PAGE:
By Mark Fields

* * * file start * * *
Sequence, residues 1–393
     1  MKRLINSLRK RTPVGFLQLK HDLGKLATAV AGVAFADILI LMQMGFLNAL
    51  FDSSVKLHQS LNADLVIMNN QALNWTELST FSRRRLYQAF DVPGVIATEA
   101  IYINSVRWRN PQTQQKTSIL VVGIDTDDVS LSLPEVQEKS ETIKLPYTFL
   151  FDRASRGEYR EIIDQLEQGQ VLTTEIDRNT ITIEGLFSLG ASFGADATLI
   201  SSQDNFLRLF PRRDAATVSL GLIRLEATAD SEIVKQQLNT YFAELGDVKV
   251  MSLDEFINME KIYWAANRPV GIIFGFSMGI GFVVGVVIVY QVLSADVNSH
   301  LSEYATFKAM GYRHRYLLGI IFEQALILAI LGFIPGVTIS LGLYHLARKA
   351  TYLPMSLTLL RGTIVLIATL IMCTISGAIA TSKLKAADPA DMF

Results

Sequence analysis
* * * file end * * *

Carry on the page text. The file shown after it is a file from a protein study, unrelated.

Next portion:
Maren (Taylor Russell), a troubled teenager abandoned by her father, takes to the road and meets Lee (Timothée Chalamet), a charismatic but enigmatic drifter in director Luca Guadagnino’s newest and most unsettling indie film, Bones and All. These two outcast from society share more than their estranged misery; they also share a horrifying appetite. Russell and Chalamet’s performances are strong, even compelling, as is that of Mark Rylance in a supporting role. The viewer is clearly meant to empathize with the central characters and their marginal existence, but the bond that undergirds their attraction to one another is so viscerally repellent that one struggles to genuinely connect to their plight. Guadagnino has made a cinematic career focused on story of the disenfranchised (A Bigger Splash, Call Me By Your Name, Suspiria). Perhaps there is a metaphor here that escaped me, but that too is a flaw. I left Bones and All not feeling enlightened or edified, but instead pondering what attracted this talented filmmaker and his accomplished cast to such disturbing, gory material.